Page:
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model jury charge 2C:12-1b(5)(h) weapon

AGGRAVATED ASSAULT - UPON CERTAIN CORRECTIONS PERSONNEL

(NEGLIGENTLY CAUSING BODILY INJURY WITH A DEADLY WEAPON)

N.J.S.A. 2C:12-1b(5)(h)

Count of this indictment charges the defendant with aggravated assault.

(Read appropriate count of indictment)

The defendant is accused of violating a law that provides, in pertinent part:

A person is guilty of aggravated assault if he/she negligently causes bodily injury to any (Department of Corrections Employee)(County Corrections Officer)(Juvenile Corrections Officer)(State Juvenile Facility Employee)(Juvenile Detention staff member)(Juvenile Detention officer)(Probation Officer)(Sheriff, undersheriff, or sheriffs officer) acting in the performance of (his/her) duties while in uniform or exhibiting evidence of (his/her) authority or because of (his/her) status as a (Department of Corrections Employee)(County Corrections Officer)(Juvenile Corrections Officer)(State Juvenile Facility Employee)(Juvenile Detention staff member)(Juvenile Detention officer)(Probation Officer)(Sheriff, undersheriff, or sheriffs officer), with a deadly weapon.

In order for you to find the defendant guilty of this charge, the State must prove each of the following elements beyond a reasonable doubt:

1. That the defendant did cause bodily injury to (NAME OF VICTIM);

2. That the defendant caused the bodily injury with a deadly weapon;

3. That the defendant acted negligently in causing bodily injury to (NAME OF VICTIM);

4. That (NAME OF VICTIM) was a (Department of Corrections Employee)(County Corrections Officer)(Juvenile Corrections Officer)(State Juvenile Facility Employee)(Juvenile Detention staff member)(Juvenile Detention officer)(Probation Officer)(Sheriff, undersheriff, or sheriffs officer);

5. That the defendant knew (NAME OF VICTIM) was a (Department of Corrections Employee)(County Corrections Officer)(Juvenile Corrections Officer)(State Juvenile Facility Employee)(Juvenile Detention staff member)(Juvenile Detention officer)(Probation Officer)(Sheriff, undersheriff, or sheriffs officer);

6. That (NAME OF VICTIM) was a (Department of Corrections Employee)(County Corrections Officer)(Juvenile Corrections Officer)(State Juvenile Facility Employee)(Juvenile Detention staff member)(Juvenile Detention officer)(Probation Officer)(Sheriff, undersheriff, or sheriffs officer) acting in the performance of (his/her) duties or while in uniform or exhibiting evidence of (his/her) authority

-or-

That the defendant acted because the (NAME OF VICTIM) was a (Department of Corrections Employee)(County Corrections Officer)(Juvenile Corrections Officer)(State Juvenile Facility Employee)(Juvenile Detention staff member)(Juvenile Detention officer)(Probation Officer)(Sheriff, undersheriff, or sheriffs officer);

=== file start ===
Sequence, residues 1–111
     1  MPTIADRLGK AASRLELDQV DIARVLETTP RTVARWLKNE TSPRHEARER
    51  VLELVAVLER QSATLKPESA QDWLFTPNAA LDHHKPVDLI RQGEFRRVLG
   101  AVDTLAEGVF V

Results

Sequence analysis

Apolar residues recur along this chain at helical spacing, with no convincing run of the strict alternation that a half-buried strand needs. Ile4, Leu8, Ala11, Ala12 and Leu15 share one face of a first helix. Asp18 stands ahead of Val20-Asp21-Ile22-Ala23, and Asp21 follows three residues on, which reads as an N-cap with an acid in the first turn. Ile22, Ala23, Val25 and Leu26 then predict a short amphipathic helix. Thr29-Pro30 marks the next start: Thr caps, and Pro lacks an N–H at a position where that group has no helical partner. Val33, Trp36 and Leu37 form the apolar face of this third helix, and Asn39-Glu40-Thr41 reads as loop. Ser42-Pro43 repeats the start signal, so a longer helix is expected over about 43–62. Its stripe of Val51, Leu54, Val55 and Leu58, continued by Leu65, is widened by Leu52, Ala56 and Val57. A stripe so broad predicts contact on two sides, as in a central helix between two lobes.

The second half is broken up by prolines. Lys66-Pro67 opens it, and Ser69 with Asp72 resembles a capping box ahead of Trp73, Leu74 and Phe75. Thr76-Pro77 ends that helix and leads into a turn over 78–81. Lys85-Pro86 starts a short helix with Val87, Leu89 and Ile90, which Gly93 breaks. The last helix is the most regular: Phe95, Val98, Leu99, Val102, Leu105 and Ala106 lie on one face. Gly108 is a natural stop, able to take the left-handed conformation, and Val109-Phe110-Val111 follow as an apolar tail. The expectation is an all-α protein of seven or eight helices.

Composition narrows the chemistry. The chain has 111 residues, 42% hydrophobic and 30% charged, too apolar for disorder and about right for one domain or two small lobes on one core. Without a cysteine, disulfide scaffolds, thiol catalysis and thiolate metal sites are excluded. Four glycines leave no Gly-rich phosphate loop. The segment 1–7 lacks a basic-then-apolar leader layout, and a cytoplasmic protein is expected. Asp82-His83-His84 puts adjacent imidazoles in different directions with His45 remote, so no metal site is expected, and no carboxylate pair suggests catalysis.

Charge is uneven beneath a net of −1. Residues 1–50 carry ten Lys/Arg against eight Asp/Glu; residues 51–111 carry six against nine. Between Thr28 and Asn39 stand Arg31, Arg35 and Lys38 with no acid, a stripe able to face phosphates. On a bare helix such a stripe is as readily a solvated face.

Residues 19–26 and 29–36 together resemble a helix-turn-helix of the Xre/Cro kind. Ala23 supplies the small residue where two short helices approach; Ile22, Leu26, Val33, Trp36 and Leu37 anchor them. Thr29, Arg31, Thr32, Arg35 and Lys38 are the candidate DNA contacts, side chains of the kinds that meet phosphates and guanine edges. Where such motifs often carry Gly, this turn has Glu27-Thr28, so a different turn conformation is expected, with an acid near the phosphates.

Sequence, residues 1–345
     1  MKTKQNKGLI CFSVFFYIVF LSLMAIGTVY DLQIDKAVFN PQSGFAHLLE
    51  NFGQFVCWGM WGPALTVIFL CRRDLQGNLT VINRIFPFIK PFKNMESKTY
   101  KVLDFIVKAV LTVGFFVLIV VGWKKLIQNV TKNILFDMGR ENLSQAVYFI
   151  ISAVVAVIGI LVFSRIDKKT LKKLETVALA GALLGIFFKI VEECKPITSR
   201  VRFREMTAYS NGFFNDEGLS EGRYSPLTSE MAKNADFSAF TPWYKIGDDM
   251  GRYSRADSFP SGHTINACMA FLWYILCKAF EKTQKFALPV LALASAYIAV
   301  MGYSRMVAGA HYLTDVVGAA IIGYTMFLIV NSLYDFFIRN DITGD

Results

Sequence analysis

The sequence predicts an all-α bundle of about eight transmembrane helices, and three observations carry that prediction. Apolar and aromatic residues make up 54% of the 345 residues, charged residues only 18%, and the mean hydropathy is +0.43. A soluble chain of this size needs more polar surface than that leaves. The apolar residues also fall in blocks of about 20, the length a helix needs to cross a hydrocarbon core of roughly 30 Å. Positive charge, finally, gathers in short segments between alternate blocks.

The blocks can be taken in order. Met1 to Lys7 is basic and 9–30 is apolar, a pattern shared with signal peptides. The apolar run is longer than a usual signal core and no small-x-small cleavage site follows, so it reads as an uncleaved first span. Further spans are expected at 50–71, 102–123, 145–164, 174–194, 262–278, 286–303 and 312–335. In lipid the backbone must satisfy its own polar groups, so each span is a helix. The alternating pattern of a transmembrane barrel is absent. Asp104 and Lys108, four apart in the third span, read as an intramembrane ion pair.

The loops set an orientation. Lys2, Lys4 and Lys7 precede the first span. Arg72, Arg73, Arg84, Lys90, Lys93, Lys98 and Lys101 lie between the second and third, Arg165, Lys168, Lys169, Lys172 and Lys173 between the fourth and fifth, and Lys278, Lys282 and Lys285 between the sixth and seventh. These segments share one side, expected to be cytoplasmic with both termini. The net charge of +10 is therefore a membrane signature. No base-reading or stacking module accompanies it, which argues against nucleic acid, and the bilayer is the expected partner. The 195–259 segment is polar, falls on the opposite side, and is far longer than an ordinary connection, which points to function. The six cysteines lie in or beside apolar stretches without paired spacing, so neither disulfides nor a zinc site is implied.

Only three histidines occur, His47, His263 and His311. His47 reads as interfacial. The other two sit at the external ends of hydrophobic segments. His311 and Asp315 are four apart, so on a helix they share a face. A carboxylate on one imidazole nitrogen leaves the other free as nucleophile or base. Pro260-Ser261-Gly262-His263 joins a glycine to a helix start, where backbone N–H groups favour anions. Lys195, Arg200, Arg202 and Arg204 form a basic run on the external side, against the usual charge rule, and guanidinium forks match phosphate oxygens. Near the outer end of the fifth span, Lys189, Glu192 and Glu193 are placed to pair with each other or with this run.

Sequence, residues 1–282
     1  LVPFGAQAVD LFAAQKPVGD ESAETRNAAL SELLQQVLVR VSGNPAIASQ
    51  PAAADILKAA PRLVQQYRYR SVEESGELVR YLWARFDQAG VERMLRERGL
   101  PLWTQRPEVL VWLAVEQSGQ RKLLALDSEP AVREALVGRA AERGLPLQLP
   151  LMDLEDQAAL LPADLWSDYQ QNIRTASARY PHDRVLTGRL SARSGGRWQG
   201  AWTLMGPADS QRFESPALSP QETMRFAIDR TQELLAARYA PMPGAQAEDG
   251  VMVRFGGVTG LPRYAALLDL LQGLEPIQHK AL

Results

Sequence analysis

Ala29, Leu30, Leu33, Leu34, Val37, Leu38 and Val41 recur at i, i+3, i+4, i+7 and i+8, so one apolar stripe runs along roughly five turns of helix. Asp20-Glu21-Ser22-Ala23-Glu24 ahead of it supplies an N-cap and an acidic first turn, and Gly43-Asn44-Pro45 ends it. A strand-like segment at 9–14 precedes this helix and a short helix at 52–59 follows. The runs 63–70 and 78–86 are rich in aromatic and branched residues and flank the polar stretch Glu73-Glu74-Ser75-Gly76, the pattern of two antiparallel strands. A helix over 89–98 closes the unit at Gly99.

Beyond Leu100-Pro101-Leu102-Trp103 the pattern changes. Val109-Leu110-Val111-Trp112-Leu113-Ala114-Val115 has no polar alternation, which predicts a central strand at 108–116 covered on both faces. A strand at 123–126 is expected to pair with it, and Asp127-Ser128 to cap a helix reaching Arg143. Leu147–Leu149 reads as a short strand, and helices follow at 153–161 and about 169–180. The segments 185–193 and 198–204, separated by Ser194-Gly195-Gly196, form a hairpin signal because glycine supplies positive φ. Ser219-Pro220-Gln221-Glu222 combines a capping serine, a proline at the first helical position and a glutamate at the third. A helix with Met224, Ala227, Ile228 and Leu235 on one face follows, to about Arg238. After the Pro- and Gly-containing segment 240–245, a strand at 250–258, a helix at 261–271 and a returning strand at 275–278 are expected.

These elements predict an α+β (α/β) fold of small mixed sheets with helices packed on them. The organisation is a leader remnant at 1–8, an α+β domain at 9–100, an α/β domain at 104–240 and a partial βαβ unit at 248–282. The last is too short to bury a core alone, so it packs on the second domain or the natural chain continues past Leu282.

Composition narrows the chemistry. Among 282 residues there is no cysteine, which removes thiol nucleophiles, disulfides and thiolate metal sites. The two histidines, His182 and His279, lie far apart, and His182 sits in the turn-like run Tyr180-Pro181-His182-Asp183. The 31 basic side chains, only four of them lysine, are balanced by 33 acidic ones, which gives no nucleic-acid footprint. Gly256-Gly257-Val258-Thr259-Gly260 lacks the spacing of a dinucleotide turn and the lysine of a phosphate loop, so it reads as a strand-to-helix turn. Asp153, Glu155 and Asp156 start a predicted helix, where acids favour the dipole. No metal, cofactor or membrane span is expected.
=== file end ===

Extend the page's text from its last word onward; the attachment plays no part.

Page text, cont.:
The first element that the State must prove beyond a reasonable doubt is that the defendant caused bodily injury to another.

Bodily injury is defined as physical pain, illness or any impairment of the physical condition.[1]

The second element that the State must prove beyond a reasonable doubt is that the defendant caused the bodily injury by use of a deadly weapon.

A deadly weapon is any firearm or other weapon, device, instrument, material or substance, whether animate or inanimate, which in the manner it is used or is intended to be used is known to be capable of producing death or serious bodily injury. Serious bodily injury means bodily injury that creates a substantial risk of death or that causes serious permanent disfigurement, or protracted loss or impairment of the function of any bodily member or organ.

Causation has a special meaning under the law. To establish causation, the State must prove, beyond a reasonable doubt, the following:

First, that but for the defendants conduct, (NAME OF VICTIM) would not have sustained bodily injury.

Second, that the bodily injury sustained by (NAME OF VICTIM) was within the risk of which the defendant should have been aware. If not, it must involve the same kind of injury or harm as the probable result, and must also not be too remote, too accidental in its occurrence or too dependent on anothers volitional act to have a just bearing on the defendants liability or on the gravity of his/her offense. In other words, the State must prove beyond a reasonable doubt that the bodily injury sustained by (NAME OF VICTIM) was not so unexpected or unusual that it would be unjust to find the defendant guilty of a simple assault.

The third element that the State must prove beyond a reasonable doubt is that the defendant acted negligently in causing bodily injury to (NAME OF VICTIM).